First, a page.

The US government has shut down about 20 times in the last four decades, and the impact on both, the economy and the stock market has been minimal. With the exception of the hours-long shutdown in 2018, the performance of the S&P 500 across these 20 shutdowns has been typically flat, with an average return of 0.04%. Also, in the most recent government shutdown in 2019, the index rose more than 10%.
According to economists, a government shutdown will also barely have any impact on the GDP. However, several factors are at play, impacting investor sentiment and testing the resilience of the economy — surging oil prices, a possible interest rate hike in the next policy meeting, and the restart of student loan repayments in addition to the looming government shutdown.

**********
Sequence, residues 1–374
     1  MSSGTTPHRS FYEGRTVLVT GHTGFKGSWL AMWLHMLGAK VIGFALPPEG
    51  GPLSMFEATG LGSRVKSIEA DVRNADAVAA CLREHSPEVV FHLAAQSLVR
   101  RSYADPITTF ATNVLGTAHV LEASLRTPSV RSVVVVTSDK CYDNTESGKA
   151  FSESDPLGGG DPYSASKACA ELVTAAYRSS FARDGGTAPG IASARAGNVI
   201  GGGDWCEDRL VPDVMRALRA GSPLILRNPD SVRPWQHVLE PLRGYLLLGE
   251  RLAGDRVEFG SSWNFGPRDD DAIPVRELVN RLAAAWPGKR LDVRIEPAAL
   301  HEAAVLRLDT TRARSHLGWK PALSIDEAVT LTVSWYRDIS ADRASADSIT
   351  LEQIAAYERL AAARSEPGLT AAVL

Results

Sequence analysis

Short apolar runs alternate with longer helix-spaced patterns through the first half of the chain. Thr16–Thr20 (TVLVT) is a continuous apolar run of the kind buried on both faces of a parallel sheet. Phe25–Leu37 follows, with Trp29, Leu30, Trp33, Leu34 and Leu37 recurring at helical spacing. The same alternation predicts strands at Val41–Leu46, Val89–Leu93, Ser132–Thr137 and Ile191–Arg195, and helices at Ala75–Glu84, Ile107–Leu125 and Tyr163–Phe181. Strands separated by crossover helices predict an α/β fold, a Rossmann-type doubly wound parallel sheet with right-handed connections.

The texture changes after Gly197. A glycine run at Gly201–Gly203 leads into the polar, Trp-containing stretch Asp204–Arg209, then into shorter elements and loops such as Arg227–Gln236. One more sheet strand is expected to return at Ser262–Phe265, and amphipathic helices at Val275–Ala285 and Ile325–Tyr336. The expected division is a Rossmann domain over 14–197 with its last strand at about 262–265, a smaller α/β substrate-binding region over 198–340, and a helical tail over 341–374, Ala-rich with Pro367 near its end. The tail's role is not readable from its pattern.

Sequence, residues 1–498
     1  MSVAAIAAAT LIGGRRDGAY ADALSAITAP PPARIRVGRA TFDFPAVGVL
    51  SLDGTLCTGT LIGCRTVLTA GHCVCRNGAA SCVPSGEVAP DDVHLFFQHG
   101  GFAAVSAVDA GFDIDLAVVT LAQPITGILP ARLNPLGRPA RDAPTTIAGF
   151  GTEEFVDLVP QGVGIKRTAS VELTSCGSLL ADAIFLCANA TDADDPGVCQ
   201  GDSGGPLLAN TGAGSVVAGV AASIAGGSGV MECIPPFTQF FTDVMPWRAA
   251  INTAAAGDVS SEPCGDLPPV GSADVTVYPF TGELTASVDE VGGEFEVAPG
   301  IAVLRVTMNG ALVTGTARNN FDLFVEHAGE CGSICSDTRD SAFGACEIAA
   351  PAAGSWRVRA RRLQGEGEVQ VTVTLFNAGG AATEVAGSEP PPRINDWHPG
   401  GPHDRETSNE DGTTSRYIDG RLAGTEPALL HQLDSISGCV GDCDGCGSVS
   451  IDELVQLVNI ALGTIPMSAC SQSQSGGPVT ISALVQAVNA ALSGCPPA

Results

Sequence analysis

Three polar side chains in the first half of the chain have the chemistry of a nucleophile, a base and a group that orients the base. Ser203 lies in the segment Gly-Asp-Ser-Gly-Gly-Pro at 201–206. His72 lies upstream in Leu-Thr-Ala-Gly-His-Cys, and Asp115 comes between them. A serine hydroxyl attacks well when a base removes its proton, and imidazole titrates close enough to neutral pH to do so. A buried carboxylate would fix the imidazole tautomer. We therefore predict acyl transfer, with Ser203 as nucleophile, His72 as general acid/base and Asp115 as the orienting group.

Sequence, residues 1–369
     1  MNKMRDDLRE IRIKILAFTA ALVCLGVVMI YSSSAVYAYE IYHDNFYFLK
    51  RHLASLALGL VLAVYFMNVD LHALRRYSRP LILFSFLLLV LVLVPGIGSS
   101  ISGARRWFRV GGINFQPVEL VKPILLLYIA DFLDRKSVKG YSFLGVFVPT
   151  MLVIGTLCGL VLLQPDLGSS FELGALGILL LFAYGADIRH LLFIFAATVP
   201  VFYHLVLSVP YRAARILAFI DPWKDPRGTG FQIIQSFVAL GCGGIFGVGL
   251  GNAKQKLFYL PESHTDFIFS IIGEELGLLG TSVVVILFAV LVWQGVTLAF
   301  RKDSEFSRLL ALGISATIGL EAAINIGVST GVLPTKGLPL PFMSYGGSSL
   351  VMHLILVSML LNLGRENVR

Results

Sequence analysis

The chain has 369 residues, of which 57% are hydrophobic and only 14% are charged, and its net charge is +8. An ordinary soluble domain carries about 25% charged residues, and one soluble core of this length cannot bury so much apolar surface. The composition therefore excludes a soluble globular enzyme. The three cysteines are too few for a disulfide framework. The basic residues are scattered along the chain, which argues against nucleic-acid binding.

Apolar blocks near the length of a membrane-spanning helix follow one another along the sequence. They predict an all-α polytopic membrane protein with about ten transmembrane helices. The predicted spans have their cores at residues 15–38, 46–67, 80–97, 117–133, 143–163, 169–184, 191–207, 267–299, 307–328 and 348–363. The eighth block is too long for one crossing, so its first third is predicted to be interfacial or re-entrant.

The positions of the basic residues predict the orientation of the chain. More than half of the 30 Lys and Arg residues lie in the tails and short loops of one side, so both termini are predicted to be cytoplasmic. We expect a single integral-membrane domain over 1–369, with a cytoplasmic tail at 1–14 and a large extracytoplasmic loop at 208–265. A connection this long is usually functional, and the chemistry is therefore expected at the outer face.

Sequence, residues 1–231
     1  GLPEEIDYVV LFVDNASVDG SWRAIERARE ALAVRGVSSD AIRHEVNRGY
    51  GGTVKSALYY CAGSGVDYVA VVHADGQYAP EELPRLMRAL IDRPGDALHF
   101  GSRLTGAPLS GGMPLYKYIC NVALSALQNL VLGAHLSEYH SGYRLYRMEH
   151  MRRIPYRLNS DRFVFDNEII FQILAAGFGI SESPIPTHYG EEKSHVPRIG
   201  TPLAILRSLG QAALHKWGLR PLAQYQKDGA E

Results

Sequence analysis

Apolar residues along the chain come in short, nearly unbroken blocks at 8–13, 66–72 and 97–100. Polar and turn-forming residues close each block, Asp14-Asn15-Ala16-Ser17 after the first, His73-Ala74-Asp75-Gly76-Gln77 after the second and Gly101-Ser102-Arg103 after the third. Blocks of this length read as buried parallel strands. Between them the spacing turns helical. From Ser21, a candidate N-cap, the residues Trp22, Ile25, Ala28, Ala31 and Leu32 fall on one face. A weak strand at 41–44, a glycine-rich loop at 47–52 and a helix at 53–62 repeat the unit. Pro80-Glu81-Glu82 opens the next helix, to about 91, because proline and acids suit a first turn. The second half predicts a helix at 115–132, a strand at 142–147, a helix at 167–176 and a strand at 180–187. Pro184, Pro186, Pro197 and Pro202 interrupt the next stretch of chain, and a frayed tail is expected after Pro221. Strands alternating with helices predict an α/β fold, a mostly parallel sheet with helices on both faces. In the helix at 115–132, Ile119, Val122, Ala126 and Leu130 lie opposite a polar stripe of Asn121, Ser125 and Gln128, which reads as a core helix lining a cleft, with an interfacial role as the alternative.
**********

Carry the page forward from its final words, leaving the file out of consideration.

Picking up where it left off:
Oil is not well
On Wednesday, US crude prices surged up to 4% to $94.04 a barrel before closing at $93.68 a barrel. This is the highest intraday price in over a year since August 30, 2022. Surging oil prices is bad news for an economy already struggling with high inflation. But why is this happening?
Earlier this month, Saudi Arabia and Russia, two of the world’s biggest oil exporters, announced they would extend voluntary oil cuts to the end of the year. Combined, the oil supply cuts translate to 1.3 million barrels a day, which severely tightens the oil market, putting upward pressure on prices. Some experts believe this move could increase oil prices to $100 a barrel.
This week, federal data revealed that US crude inventories fell by more than expected last week, causing some nervousness and sending oil prices up. Inventory at the key Cushing, Oklahoma storage hub has also dropped to nine-year lows on account of strong refining and export demand.